Strategic silence occurs when an organization takes a calculated decision to avoid internal and/or external communication in order to advance long-term goals. When a reputational threat emerges, the likelihood that the organization will be faced with negative media coverage and be drawn into a public debate increases. Strategic silence is then employed to minimize the potential association of the organization with the reputational threat. In this respect, “strategic” refers to the type or content of information that is not released to the public sphere.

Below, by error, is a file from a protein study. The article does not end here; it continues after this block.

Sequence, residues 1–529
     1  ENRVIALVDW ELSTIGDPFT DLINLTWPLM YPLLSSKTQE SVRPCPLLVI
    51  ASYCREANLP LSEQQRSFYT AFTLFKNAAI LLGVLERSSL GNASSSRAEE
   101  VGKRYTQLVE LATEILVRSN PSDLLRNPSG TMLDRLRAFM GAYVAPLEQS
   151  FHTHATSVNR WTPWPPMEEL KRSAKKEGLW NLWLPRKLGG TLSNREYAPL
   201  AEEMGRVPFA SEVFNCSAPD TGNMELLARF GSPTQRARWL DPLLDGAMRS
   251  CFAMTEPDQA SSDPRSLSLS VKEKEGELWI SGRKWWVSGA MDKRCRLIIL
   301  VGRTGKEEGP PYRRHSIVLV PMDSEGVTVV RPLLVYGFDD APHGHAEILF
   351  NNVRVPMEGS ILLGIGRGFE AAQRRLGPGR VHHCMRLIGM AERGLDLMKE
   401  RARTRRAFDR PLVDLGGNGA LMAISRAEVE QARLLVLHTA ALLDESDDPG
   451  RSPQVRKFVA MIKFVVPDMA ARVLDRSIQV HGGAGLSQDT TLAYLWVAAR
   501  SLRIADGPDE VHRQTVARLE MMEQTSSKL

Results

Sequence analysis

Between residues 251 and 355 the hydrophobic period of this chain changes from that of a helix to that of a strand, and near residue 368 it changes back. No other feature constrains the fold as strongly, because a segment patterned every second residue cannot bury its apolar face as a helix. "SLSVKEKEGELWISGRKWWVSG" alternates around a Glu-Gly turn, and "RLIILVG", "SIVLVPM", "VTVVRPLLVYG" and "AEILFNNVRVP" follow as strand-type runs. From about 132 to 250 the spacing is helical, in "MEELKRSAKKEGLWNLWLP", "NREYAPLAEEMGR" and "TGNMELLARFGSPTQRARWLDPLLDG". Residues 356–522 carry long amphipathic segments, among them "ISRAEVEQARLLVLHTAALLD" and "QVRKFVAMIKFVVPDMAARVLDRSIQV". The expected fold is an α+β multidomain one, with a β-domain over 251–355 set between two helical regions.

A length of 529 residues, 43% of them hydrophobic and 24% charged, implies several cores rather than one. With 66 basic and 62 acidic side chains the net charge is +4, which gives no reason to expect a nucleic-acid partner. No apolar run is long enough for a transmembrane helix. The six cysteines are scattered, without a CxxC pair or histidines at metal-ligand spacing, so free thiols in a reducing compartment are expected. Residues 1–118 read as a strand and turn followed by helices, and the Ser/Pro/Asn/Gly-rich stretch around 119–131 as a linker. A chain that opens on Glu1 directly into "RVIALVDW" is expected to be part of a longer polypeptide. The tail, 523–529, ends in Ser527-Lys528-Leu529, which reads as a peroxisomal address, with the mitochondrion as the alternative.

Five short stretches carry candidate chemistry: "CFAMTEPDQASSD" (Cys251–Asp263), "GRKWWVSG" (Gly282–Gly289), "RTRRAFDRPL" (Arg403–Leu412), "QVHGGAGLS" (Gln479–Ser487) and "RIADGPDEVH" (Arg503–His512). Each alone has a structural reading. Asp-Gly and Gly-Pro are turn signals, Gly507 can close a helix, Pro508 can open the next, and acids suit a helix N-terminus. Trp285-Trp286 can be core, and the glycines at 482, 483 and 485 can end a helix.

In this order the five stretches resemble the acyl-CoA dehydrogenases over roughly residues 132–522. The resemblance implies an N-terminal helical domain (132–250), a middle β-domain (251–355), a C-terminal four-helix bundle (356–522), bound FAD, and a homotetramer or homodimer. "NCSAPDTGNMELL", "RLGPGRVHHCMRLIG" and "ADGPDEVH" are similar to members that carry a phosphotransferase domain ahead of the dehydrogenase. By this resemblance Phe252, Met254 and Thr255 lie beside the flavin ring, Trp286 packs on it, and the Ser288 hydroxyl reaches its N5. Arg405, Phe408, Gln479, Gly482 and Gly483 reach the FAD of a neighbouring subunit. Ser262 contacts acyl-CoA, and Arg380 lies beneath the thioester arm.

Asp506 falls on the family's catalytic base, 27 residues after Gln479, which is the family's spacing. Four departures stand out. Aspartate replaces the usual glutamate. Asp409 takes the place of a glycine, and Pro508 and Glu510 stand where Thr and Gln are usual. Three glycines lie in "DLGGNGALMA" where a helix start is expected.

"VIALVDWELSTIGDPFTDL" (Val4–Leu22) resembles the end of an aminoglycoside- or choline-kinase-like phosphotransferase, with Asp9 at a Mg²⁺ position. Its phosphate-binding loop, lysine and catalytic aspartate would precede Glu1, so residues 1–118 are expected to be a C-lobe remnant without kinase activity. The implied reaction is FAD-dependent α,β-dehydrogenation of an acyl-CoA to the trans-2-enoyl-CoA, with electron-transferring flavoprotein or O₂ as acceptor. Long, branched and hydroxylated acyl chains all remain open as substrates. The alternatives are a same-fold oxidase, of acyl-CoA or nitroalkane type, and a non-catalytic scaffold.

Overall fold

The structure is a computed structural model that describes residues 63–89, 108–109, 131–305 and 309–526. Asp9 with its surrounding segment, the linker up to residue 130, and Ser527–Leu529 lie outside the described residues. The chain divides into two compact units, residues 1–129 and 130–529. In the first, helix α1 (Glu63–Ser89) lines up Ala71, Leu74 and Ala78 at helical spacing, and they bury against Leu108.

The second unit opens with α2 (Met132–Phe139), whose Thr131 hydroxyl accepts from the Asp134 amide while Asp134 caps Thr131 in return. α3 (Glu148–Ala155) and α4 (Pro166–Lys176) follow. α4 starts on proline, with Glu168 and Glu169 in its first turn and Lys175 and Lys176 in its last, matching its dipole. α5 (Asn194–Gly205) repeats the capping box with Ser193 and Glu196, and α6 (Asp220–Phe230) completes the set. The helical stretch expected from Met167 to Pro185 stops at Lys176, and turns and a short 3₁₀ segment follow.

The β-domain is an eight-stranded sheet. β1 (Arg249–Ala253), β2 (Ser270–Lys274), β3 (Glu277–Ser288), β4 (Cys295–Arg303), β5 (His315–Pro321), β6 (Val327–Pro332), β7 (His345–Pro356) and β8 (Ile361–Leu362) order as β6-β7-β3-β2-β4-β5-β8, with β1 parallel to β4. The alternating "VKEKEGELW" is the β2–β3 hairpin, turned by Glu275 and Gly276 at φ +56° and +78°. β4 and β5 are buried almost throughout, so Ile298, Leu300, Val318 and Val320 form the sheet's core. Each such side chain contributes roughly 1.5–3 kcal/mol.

Strategic silence is also employed around policy decisions. Central banks, for example, often abstain from communication just before policy meetings. They do so for fear that communication may create excessive market speculation, narrow the organization’s room for maneuverability, and undermine the ...

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